Abstract 13068: Measures of Adiposity and Presence of Subclinical Atherosclerosis in Retired National Football League Players
Background: It is not known which measure of adiposity (body mass index [BMI] or waist circumference [WC]) is best associated with subclinical atherosclerosis in athletes who often have increased BMI, and whether this relationship is attenuated after adjusting for metabolic risk factors that frequently coexist with obesity.
Methods: Coronary artery calcium (CAC) scoring (a surrogate for subclinical atherosclerosis) was performed in 931 retired National Football League (NFL) players. BMI (weight in Kg/height in metres2) and WC (in inches) were measured. We performed logistic regression analyses adjusting for age, race, systolic blood pressure (SBP), high sensitivity C-reactive protein (hs-CRP), triglycerides (TGs), high density lipoprotein cholesterol (HDL-C), and fasting blood glucose to evaluate whether BMI or WC were an independent predictor for the presence of CAC (CAC score >0).
Results (Table): CAC was present in 60% (n = 507). Adjusting for age, race, SBP, and hs-CRP; each 1 standard deviation (SD) increase in BMI (4.6 Kg/m2) was associated with a 29% increase in the likelihood for presence of CAC (OR 1.29, 95% CI 1.08-1.54). The association between BMI and CAC was not attenuated after further adjusting for metabolic parameters [TGs, HDL-C, and fasting blood glucose] (OR 1.26, 95% CI 1.04-1.52). Associations were less robust when WC was used (OR 1.21, 95% CI 1.00-1.48) and were attenuated after adjusting for metabolic parameters (OR 1.18, 95% CI 0.96-1.47). When BMI and WC were included in the same model, BMI remained a borderline significant predictor of CAC, whereas WC did not. Analyses using BMI as a categorical variable indicated the association was significantly higher for players with BMI ≥ 40 Kg/m2 (OR 2.24, 95% CI 1.39-3.6 compared to those with BMI <40 Kg/m2).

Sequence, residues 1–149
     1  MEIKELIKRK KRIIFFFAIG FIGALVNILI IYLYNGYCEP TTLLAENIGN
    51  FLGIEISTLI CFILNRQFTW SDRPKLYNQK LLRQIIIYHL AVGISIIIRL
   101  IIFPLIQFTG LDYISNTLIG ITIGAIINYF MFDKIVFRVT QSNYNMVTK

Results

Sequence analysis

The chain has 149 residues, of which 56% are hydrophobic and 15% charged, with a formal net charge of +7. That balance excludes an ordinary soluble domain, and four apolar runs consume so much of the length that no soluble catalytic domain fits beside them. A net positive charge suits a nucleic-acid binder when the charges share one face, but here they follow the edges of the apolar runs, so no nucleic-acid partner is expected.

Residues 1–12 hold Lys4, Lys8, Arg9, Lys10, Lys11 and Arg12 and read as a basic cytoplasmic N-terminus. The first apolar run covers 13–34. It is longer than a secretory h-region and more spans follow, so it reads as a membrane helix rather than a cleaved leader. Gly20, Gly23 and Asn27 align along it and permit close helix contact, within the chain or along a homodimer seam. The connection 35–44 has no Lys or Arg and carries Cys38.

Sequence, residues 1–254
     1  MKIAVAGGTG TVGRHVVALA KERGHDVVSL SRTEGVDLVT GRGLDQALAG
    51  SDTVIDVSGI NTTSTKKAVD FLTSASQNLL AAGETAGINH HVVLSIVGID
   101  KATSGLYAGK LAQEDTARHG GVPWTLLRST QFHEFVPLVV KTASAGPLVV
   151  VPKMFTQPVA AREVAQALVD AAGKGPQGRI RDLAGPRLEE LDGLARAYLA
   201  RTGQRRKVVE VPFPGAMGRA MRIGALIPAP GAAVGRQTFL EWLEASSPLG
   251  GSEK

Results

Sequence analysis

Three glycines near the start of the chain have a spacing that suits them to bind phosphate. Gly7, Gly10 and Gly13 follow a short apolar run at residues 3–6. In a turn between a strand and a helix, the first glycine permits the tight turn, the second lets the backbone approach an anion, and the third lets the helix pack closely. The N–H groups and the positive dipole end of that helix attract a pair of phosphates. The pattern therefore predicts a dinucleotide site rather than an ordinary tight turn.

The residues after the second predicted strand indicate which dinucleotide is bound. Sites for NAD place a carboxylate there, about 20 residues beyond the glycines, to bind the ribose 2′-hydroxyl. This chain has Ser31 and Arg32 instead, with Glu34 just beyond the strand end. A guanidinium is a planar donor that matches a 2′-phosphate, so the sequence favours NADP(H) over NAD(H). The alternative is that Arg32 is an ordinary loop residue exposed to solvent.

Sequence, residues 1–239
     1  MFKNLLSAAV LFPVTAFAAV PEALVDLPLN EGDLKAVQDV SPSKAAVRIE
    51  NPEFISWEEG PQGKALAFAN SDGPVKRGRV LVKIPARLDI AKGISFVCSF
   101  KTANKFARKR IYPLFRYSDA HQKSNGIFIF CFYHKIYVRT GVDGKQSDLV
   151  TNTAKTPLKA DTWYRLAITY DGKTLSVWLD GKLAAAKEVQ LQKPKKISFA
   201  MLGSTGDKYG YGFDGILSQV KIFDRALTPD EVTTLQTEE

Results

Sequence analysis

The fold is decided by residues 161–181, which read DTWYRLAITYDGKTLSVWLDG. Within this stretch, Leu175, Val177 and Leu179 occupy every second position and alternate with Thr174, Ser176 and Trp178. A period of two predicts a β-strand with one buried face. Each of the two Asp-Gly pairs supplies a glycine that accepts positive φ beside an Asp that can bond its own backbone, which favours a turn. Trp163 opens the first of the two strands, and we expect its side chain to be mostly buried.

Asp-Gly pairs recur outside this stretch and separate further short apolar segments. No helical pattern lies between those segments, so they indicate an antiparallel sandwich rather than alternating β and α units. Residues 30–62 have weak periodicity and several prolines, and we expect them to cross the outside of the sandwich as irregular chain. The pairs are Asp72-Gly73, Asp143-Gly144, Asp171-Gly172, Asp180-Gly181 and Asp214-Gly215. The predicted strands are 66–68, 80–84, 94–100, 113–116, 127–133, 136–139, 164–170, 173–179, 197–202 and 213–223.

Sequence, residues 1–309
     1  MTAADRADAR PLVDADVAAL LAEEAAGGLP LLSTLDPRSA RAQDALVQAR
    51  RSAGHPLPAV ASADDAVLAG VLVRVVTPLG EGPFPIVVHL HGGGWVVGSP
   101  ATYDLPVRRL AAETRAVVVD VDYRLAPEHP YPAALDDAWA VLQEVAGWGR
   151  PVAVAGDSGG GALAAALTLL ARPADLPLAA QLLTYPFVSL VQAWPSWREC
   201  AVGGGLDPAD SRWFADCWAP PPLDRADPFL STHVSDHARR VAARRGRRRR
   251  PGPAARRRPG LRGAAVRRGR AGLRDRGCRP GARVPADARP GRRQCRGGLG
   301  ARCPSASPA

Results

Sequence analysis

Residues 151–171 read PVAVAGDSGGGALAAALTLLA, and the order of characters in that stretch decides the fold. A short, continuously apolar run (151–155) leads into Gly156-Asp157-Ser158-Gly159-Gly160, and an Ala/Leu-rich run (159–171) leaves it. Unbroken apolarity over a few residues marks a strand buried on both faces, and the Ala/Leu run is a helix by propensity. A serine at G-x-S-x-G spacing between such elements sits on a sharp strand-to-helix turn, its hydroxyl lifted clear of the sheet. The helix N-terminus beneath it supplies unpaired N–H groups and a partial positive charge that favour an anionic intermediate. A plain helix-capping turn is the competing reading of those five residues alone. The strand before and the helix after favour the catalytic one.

Conclusion: Elevated BMI is independently associated with CAC in retired NFL players. The association is independent of metabolic parameters and is stronger at very high BMI levels (≥40 Kg/m2).
- © 2011 by American Heart Association, Inc.